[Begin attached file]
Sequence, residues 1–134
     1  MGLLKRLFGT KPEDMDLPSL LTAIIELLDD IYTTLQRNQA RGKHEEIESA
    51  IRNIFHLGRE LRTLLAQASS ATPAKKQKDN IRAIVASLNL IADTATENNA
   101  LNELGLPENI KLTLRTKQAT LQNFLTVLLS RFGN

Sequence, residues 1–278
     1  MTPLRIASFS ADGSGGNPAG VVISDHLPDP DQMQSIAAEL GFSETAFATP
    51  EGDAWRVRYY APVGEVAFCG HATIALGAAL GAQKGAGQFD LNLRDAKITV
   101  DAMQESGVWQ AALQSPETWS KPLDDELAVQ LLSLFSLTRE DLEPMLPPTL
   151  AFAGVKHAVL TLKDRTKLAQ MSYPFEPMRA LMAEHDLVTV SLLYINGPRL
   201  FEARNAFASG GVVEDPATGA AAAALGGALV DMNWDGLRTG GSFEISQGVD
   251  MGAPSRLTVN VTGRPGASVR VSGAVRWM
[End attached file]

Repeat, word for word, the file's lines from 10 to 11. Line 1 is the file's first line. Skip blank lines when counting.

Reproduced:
   201  FEARNAFASG GVVEDPATGA AAAALGGALV DMNWDGLRTG GSFEISQGVD
   251  MGAPSRLTVN VTGRPGASVR VSGAVRWM